Sunday, November 10, 2013

Pac-12 | What we learned from Washington volleyball’s win over Arizona

Huskies’ Kaleigh Nelson on a tear as UW now 21-1
  • #3 Washington def. Arizona 3-0 (25-19, 25-20, 25-18)
  • next: UCLA @ #3 Washington | November 13 | 6PM | Pac-12 Networks


Sunday afternoon against Arizona, television announcers mistakenly called her “Kylee.” A day earlier against Arizona State, a different broadcast team called her “Katy.” But if there’s any justice, everyone will soon be calling her the Pac-12 Offensive Player of the Week.
Washington's Kaleigh Nelson
-photo by Shutter Geeks Photography

For the fourth match in a row, Washington’s Kaleigh Nelson put on a huge performance as the Huskies swept Arizona 3-0 (25-19, 25-20, 25-18) in Tucson. Once again, Nelson led the way, tallying 17 kills and just 4 errors on 38 swings (.342). That means that—in just over 24 hours—the junior opposite hitter had a combined 33 kills and 7 errors on 78 attempts (.333). Those would be big numbers for a six-rotation outside hitter, but Nelson plays only three rotations in UW’s 6-2 (two-setter) offense. That, as Washington coach Jim McLaughlin might say, is big time.

In a match often marked by sloppy play, UW managed to put together several strong runs, particularly behind the smart serving of Nelson’s setting partner, Jenni Nogueras (who also suffered from broadcast mispronunciations throughout the weekend.) Washington’s outside hitters were largely ineffective—Krista Vansant had 8 kills and 4 errors (.133); Cassie Strickland had 2 kills and 3 errors (-.111)—and the setters’ connections with middles Lianna Sybeldon (6 kills) and Melanie Wade (2 kills) was often uncharacteristically poor.

So it was up to Nogueras to feed Nelson. Few teams have as much confidence as the Huskies do in their opposite attack, so their opponents’ block on that side is often late or poorly positioned. When attacking on the right side, Nelson usually faced an ineffective block from Arizona’s Jane Croson. Nelson makes an effective approach, and times her jump so well that she can wait until the last possible second to decide whether to hit line or cross-court. Over the past two weeks, she’s rarely tipped, keeping the defense back on its heels. She has looked, at times, unstoppable … and her setter, Nogueras, has no qualms about going her way as much as possible.

For both matches in the Arizona desert, Washington’s defense was superb. After holding ASU to a meager .102 hitting percentage, it did even better in Tucson, suffocating UA to an overall .067 percentage. UW blocked the Wildcats 11 times (after getting 18 against the Sun Devils), led by 8 block assists from Wade. Star Arizona hitter Madi Kingdon had 11 errors en route to hitting just .091, one day after Arizona State standout Macey Gardner suffered 10 errors and hit merely .108.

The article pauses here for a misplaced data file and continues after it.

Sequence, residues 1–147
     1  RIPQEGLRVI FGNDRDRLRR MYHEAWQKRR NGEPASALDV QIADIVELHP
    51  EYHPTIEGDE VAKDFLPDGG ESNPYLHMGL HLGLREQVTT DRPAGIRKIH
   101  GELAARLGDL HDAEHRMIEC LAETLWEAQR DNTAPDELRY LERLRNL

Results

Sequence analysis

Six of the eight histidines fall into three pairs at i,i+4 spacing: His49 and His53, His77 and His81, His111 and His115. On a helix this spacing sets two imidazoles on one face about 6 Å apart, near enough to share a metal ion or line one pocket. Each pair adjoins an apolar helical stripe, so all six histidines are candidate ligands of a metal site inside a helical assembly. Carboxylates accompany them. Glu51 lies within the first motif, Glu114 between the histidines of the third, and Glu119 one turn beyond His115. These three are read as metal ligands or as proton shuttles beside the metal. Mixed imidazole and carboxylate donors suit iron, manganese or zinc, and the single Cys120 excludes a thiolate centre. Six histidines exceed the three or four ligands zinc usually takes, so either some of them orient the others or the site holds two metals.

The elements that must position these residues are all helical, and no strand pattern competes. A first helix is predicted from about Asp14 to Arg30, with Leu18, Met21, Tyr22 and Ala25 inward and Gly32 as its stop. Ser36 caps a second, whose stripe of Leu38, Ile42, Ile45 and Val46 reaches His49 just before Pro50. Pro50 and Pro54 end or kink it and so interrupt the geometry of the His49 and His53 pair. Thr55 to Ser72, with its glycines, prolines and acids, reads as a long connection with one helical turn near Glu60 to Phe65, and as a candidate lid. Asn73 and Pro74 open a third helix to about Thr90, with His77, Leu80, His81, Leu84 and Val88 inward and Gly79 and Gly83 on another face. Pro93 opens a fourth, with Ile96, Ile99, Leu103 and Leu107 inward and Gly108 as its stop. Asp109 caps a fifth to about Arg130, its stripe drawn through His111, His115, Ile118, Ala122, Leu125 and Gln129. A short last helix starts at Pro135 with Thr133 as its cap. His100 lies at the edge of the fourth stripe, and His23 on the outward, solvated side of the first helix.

All season, the Huskies have frustrated opponents by using good passing to allow its setters to spread the attack all across the net. When Arizona focused too much of its energy on stopping Vansant, Nelson made them pay. It’s a good bet that—even if others get it wrong—the Wildcat players and coaching staff can correctly say her name.

NOTES:
  • Washington, now 13-1 in Pac-12 play, has just 6 conference matches remaining. Three of those six are on Wednesdays, starting this week at home against UCLA. They then play a Friday match against USC, giving them a staggering 4 matches in 7 days. The following week, UW travels to Stanford on Wednesday and Cal on Friday, before returning home for a Wednesday match against Oregon State and a Friday date with Washington State.
  • USC swept the Oregon schools, to stay in second place in Pac-12 at 12-2. Stanford won at both Colorado and Utah, good for third place at 11-3. Cal also beat both Rocky Mountain schools to move to 9-5, alone in fourth place. No other Pac-12 teams are currently above .500 in conference play.
  • CORRECTION: In a blog note posted earlier today, we reported that Washington did not offer a narrated feed for its recent home match against Utah, a game not picked up by the Pac-12 Networks. We’ve since been informed that UW did in fact have Seattle Storm basketball announcer Dick Fein narrate that web feed, though the feed suffered some preliminary technical difficulties. We regret the error.



Photos courtesy Shutter Geeks Photography

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